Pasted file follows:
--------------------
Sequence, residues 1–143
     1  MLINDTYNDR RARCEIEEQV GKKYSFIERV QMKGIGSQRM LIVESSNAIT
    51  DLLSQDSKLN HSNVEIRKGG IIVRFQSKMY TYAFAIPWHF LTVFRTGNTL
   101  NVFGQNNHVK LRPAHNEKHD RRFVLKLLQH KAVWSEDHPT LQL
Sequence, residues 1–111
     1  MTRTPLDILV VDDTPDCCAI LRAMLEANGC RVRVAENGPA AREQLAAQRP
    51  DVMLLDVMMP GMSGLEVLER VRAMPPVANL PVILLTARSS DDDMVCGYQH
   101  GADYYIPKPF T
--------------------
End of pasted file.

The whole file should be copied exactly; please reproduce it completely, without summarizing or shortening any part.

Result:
Sequence, residues 1–143
     1  MLINDTYNDR RARCEIEEQV GKKYSFIERV QMKGIGSQRM LIVESSNAIT
    51  DLLSQDSKLN HSNVEIRKGG IIVRFQSKMY TYAFAIPWHF LTVFRTGNTL
   101  NVFGQNNHVK LRPAHNEKHD RRFVLKLLQH KAVWSEDHPT LQL
Sequence, residues 1–111
     1  MTRTPLDILV VDDTPDCCAI LRAMLEANGC RVRVAENGPA AREQLAAQRP
    51  DVMLLDVMMP GMSGLEVLER VRAMPPVANL PVILLTARSS DDDMVCGYQH
   101  GADYYIPKPF T